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Infertility Services Concord NH

It is important to get as much information as possible when you're going through infertility. When you first go to a fertility specialist, you will probably be sent for several tests. These tests are performed to try to identify a physical problem if one exists. Here are some ideas on how to cope with infertility.

Fred Richardson
(603) 228-0547
105 Prescott Park
Concord, NH
Specialty
Obstetrics & Gynecology

Data Provided by:
Ashish Chandu Chaudhari
(603) 228-8383
248 Pleasant St
Concord, NH
Specialty
Obstetrics & Gynecology

Data Provided by:
Michael Brock Walsh, MD
(603) 228-8383
248 Pleasant St Ste 103
Concord, NH
Specialties
Obstetrics & Gynecology
Gender
Male
Education
Medical School: Univ Of Ne Coll Of Med, Omaha Ne 68198
Graduation Year: 1976

Data Provided by:
Ashish Chandu Chaudhari, MD
248 Pleasant St Ste 103
Concord, NH
Specialties
Obstetrics & Gynecology
Gender
Male
Education
Medical School: Bowman Gray Sch Of Med Of Wake Forest Univ, Winston-Salem Nc 27157
Graduation Year: 1997

Data Provided by:
Maureen E McCanty
(603) 228-1111
189 N Main St
Concord, NH
Specialty
Obstetrics & Gynecology

Data Provided by:
Mark Steven Kegel, MD
(603) 226-6117
253 Pleasant St
Concord, NH
Specialties
Obstetrics & Gynecology
Gender
Male
Education
Medical School: Va Commonwealth Univ, Med Coll Of Va Sch Of Med, Richmond Va 23298
Graduation Year: 1986

Data Provided by:
Michael Brock Walsh
(603) 228-8383
248 Pleasant St
Concord, NH
Specialty
Obstetrics & Gynecology

Data Provided by:
David Scott Johnson, MD
(603) 226-6117
253 Pleasant St
Concord, NH
Specialties
Obstetrics & Gynecology
Gender
Male
Education
Medical School: Georgetown Univ Sch Of Med, Washington Dc 20007
Graduation Year: 1984

Data Provided by:
Oglesby H Young
(603) 228-1111
189 N Main St
Concord, NH
Specialty
Obstetrics & Gynecology

Data Provided by:
Mark Steven Kegel
(603) 226-6117
253 Pleasant St
Concord, NH
Specialty
Obstetrics & Gynecology

Data Provided by:
Data Provided by:

Infertility

Infertility

When you decide to have a baby, it's natural to think it's going to be easy. We spend so much of our adult life trying to avoid pregnancy that frequently we're surprised when we don't immediately get pregnant the first time there's a chance we might.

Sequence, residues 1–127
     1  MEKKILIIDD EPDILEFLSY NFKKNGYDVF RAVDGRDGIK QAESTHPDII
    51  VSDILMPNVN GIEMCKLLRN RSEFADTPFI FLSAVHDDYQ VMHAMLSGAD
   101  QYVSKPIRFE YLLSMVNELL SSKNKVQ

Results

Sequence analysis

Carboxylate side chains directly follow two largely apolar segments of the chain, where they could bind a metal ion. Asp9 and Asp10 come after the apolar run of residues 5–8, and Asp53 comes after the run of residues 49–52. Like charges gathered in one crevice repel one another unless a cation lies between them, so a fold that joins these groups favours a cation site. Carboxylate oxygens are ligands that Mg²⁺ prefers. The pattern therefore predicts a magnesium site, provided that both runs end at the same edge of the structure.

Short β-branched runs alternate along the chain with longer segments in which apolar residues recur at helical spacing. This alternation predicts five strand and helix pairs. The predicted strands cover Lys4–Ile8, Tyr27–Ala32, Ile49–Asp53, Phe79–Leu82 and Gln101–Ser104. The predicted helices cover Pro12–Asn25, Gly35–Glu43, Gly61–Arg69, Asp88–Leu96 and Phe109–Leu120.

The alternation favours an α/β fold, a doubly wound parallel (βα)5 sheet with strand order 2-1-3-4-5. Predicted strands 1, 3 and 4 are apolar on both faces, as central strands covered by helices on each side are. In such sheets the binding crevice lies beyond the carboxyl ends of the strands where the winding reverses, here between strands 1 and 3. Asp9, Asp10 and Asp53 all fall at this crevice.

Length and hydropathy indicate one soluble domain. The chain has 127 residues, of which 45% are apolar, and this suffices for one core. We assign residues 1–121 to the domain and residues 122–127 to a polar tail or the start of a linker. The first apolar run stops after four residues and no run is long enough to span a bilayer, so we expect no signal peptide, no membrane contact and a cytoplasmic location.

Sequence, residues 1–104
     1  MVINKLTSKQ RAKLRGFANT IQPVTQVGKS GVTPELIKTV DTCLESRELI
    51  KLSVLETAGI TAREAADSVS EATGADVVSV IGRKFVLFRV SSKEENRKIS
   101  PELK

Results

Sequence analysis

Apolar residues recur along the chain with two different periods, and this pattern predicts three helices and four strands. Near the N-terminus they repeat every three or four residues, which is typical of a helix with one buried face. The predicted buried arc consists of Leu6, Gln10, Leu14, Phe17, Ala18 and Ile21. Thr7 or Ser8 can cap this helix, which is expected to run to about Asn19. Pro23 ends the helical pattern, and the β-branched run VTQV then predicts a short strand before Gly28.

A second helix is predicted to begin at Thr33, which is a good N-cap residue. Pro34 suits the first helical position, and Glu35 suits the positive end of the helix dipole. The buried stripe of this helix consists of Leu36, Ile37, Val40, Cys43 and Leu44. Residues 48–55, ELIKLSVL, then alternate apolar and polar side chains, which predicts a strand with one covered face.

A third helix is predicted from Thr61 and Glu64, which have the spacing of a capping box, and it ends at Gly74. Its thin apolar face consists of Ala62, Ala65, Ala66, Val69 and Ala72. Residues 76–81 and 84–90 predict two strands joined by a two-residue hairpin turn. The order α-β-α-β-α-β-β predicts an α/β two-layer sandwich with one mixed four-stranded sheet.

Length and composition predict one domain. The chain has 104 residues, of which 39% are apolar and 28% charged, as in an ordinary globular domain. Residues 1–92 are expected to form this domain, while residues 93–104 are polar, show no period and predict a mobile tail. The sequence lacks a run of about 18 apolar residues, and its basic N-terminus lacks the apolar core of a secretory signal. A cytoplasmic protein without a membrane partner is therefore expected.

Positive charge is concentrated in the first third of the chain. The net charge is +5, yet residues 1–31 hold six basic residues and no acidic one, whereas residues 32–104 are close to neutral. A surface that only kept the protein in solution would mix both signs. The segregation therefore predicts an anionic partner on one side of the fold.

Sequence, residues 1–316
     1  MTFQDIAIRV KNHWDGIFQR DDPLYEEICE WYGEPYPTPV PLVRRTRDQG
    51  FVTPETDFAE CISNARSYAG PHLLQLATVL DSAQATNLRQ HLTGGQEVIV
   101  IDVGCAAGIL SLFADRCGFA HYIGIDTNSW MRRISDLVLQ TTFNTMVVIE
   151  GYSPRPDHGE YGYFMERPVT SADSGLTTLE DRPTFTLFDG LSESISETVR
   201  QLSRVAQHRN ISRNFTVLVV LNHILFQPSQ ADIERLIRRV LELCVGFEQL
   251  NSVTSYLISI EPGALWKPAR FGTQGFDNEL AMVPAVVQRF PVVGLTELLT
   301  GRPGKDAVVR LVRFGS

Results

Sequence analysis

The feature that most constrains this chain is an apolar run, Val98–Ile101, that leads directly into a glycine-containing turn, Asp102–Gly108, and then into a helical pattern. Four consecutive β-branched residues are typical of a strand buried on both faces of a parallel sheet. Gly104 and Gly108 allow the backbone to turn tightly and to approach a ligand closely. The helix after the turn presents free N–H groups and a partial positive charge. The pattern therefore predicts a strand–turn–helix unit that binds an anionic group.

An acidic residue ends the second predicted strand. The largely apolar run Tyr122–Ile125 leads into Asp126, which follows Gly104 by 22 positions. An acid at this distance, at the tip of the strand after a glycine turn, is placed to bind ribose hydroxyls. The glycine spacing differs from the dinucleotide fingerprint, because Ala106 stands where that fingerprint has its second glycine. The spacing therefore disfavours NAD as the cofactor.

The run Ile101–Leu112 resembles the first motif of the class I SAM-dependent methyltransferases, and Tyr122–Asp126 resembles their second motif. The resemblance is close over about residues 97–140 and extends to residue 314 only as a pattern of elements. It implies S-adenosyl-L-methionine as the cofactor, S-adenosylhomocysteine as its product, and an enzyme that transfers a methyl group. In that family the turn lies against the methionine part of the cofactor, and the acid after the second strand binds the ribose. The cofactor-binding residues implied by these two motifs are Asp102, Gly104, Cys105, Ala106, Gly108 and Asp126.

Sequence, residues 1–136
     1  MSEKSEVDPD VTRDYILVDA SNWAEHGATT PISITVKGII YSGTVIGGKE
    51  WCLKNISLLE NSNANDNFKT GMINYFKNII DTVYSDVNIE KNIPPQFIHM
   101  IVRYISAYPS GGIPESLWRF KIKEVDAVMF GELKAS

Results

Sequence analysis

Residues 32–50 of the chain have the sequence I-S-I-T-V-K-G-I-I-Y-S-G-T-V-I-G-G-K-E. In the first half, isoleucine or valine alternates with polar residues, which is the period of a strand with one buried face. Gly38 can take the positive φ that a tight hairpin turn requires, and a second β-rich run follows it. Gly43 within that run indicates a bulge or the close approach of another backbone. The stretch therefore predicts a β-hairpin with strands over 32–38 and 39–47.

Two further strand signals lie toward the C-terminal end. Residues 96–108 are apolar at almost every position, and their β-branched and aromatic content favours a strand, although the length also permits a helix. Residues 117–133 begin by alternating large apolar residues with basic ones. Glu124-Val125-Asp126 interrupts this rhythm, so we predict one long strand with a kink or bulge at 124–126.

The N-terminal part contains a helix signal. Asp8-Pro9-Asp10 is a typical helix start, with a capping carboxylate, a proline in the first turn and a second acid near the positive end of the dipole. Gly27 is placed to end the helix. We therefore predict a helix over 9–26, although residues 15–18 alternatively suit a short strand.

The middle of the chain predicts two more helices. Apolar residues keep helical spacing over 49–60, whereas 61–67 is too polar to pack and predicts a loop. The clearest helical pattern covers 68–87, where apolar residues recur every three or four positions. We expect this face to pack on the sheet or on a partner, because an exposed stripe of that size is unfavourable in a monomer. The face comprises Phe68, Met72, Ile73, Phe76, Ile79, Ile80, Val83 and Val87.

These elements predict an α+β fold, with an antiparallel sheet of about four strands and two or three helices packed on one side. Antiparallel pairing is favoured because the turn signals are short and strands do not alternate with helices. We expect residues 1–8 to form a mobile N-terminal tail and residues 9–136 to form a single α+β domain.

So there's the first month of "trying" where you handle the disappointment well... and then the second month. And the third. And fourth. And nothing's happening. And you're starting to feel pretty sure that it never will.

No matter what the problem is (e.g., male infertility, endometriosis, PCOS), today there are more solutions than ever before.

Some solutions include IUI, IVF , ICSI, sperm donation , egg donation , embryo adoption , surrogacy and adoption .

It is important to get as much information as possible when you're going through infertility.

When you first go to a fertility specialist, you will probably be sent for several tests. These tests are performed to try to identify a physical problem if one exists.

Here are some ideas on how to cope with infertility:

1. Decide who you're going to share the information with -- only your partner? Your parents? Both sets? Close friends? (Read our article on Keeping Your Marriage Together During Infertility ).

2. Get information. What are the exact procedures you're going to go through? What tests will help the doctors know what the best thing to do is? What are the side effects of the medication? How long will the cycle take?

3. Pamper yourself. Think about things that you will do that will be good for you -- a long bath, a manicure, a new novel...

4. Remember the world. The world goes on while your world seems to be standing still as you wait to have a successful fertility treatment that will lead to your baby. Make sure to do the things that you want to look back upon -- continue your education, advance your career, stre...

Click here to read the rest of this article from Fertility Stories

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